“What then shall we say that Abraham, our forefather, discovered in this matter? If, in fact, Abraham was justified by works, he had something to boast about—but not before God. What does the Scripture say? ‘Abraham believed God, and it was credited to him as righteousness.’ Now when a man works, his wages are not credited to him as a gift, but as an obligation. However, to the man who does not work but trusts God who justifies the wicked, his faith is credited as righteousness.”

So Paul is saying, if we lead perfectly good lives then we would have received the reward of righteousness as a due. But he says because none of us has lead perfectly good lives, we cannot claim it as a due. We have to receive it out of God’s graciousness as a gift. And then Paul quotes those words from Psalm 32 that we looked at yesterday. David says the same thing when he speaks of the blessedness of the man to whom God credits righteousness apart from works. That means we can’t earn it. There’s nothing we can do to get it. Blessed are they whose transgressions are forgiven, whose sins are covered. Blessed is the man whose sins the Lord will never count against him. Blessed words, “Never will our sins be counted against us.” And then he speaks about how Abraham received this blessedness, and he goes on in Romans 4 verse 20:

“Yet he did not waver through unbelief regarding the promise of God, but was strengthened in his faith and gave glory to God, being fully persuaded that God has power to do what he had promised.”

So, you see, the essence of receiving this forgiveness is having unwavering faith that God will do what He has promised to do. And Paul continues:

“This is why ‘it was credited to him as righteousness.’ The words, ‘it was credited to him’ were written not for him alone, but also for us, to whom God will credit righteousness—for us who believe in him who raised Jesus our Lord from the dead. He was delivered over to death for our sins and was raised to life for our justification.”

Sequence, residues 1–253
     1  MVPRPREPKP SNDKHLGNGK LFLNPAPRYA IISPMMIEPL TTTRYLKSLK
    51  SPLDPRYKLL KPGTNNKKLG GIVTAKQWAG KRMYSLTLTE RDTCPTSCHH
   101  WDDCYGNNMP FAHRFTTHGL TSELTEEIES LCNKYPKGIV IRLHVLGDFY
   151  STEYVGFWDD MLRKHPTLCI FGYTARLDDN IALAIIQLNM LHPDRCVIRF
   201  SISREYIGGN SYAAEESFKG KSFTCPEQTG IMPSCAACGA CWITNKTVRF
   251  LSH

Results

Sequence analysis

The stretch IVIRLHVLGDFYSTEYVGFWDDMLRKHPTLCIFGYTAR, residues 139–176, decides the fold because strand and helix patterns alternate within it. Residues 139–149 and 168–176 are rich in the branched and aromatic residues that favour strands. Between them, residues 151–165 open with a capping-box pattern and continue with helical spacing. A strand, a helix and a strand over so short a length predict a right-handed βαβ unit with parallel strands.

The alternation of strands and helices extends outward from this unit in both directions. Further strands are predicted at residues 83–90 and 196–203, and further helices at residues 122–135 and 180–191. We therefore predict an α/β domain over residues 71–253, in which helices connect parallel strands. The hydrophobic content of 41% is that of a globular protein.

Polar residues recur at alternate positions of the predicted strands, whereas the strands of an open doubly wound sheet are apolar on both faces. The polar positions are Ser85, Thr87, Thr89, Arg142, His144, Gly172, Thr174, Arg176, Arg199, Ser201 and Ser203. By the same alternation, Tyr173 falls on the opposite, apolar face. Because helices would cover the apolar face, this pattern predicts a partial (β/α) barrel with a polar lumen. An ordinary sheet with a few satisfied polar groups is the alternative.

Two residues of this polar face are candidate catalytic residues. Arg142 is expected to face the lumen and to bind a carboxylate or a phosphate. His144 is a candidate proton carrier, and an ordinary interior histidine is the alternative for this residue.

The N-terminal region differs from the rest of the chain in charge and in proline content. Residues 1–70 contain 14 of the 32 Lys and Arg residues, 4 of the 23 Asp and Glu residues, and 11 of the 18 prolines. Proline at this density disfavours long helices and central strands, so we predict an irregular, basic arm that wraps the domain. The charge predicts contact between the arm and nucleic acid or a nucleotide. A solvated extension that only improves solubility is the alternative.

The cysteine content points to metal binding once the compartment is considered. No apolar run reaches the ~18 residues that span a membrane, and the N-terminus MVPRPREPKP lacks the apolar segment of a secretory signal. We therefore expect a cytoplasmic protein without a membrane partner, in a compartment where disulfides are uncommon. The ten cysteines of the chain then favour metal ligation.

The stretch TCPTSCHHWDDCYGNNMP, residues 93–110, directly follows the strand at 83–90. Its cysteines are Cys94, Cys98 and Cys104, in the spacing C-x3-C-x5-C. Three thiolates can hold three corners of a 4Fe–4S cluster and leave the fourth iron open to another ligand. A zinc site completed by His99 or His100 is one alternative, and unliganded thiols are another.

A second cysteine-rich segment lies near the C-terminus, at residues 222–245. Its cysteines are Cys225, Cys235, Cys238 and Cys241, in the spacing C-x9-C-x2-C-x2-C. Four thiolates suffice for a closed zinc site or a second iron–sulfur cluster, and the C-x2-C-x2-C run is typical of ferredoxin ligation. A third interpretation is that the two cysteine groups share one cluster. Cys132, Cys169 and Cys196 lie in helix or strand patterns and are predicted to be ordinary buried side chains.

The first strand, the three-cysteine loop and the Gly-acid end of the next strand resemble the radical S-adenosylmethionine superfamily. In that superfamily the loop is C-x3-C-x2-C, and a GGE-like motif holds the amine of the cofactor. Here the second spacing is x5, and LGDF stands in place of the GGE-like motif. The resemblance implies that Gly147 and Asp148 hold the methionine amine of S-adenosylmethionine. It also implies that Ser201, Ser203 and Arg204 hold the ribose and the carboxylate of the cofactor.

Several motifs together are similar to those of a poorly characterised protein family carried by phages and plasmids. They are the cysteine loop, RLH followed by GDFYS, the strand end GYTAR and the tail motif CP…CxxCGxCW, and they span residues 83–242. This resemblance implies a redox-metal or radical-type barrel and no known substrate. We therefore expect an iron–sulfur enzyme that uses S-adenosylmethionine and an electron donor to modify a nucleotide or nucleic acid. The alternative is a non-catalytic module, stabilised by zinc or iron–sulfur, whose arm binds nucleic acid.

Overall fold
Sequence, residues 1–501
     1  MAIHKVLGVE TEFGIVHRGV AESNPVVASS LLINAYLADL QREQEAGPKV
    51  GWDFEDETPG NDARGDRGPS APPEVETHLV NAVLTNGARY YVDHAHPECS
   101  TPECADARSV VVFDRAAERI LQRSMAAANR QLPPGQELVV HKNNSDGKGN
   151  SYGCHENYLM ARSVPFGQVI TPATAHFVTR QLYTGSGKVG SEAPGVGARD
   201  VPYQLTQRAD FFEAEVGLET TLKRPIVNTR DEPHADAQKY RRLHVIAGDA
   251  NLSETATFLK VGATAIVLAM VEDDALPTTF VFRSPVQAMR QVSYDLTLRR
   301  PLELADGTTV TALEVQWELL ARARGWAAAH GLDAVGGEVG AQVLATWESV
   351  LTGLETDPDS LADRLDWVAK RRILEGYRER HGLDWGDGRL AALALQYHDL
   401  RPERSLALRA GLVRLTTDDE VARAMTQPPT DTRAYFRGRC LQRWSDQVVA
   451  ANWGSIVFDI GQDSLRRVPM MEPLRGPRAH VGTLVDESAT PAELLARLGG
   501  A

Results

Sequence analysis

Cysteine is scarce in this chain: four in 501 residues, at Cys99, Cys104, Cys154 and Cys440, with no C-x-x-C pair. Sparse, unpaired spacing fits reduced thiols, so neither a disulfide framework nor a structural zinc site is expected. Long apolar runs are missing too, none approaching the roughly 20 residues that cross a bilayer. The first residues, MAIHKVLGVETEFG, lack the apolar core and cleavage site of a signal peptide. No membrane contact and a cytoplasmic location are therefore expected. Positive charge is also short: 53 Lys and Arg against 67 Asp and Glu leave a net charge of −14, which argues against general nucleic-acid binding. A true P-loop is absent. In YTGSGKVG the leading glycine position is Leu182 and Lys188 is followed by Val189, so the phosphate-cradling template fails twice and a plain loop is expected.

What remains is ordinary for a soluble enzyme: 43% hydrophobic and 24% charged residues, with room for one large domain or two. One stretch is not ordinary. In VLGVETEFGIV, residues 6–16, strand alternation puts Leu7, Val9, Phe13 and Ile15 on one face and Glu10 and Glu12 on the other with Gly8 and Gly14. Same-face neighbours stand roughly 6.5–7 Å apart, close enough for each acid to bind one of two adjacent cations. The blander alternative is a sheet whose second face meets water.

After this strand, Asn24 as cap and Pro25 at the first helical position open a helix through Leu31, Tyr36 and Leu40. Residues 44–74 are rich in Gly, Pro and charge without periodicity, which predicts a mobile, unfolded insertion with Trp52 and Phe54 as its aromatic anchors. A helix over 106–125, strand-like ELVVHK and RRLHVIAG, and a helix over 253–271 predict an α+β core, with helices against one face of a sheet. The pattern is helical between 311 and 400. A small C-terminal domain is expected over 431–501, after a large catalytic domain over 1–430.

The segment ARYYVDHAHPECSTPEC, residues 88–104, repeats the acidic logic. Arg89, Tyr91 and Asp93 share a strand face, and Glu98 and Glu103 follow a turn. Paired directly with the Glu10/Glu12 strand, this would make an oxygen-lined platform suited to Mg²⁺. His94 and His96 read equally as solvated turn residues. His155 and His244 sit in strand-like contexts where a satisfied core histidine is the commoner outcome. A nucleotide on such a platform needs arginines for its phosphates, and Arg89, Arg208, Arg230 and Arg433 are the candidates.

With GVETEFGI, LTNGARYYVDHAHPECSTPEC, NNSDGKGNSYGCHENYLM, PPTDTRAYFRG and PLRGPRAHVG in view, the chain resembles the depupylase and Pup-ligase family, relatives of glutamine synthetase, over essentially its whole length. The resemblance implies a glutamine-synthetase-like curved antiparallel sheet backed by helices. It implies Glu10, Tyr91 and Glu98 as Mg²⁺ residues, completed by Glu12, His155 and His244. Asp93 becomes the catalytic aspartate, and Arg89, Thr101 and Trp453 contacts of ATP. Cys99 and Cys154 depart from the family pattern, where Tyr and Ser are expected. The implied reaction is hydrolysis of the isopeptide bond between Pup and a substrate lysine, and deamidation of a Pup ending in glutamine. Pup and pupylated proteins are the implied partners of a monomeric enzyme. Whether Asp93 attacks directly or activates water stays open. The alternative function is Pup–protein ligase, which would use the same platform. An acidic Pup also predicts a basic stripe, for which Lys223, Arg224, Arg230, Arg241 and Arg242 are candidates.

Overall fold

We have to believe those two aspects of the cross that Jesus died as the penalty for our sins and was raised again to bring us justification. That’s a kind of technical theological word—justified. We are justified through faith and the death of Jesus on our behalf.

I always like to give you this explanation of “justified”: Justified is “just-as-if-I’d” never sinned. Because when all my sins are forgiven, I’m reckoned righteous with the righteousness of Jesus Himself.

For the latter part of my talk today, I want to speak about the totality of God’s forgiveness. God does not partially forgive. He totally forgives. This is so beautifully set forth in a verse of the prophet Micah. Micah 7 verses 18 and 19:

“Who is a God like you, who pardons sin and forgives the transgression of the remnant of his inheritance? You do not stay angry forever but delight to show mercy.”

That’s perhaps one of the most distinctive features of the God of the Bible that He delights to show mercy. He’s reluctant to inflict judgment. He loves to show mercy. And so Micah goes on in the next verse:

“You will again have compassion on us: you will tread our sins underfoot and hurl all our iniquities into the depths of the sea.”

Isn’t that beautiful. Everything that we’ve ever done wrong, everything that could ever make us feel guilty, every accusation that the enemy could every bring against us, God treads them underfoot and then hurls them into the depths of the sea. The deepest sea. And somebody remarked once that when God casts your sins into the sea,  He puts up a notice on the beach which says, “No Fishing!” In other words, don’t you ever try to go back and resurrect something that God has buried. If God has forgiven you, you’re forgiven. There’s no questions, there’s no reservations, it’s total forgiveness.

There’s another lovely verse in Isaiah 43 verse 25. God speaks to His people, and He says:

“I, even I, an he who blots out your transgressions, for my own sake, and remembers your sins no more.”

When God forgives us, He blots out the record. It’s clean. It’s just as though the thing that has been forgiven had never taken place. And not only does He blot out the record, but He blots it out from His own memory. He says that He will remember our sins no more.

I just want to tell you this as I close today. God does not have a bad memory, but He has the ability to forget. And when He forgives, He forgets!

Well, our time is up for today. But, I’ll be back with you again tomorrow at this time. Tomorrow I’ll speaking about reconciliation in two directions.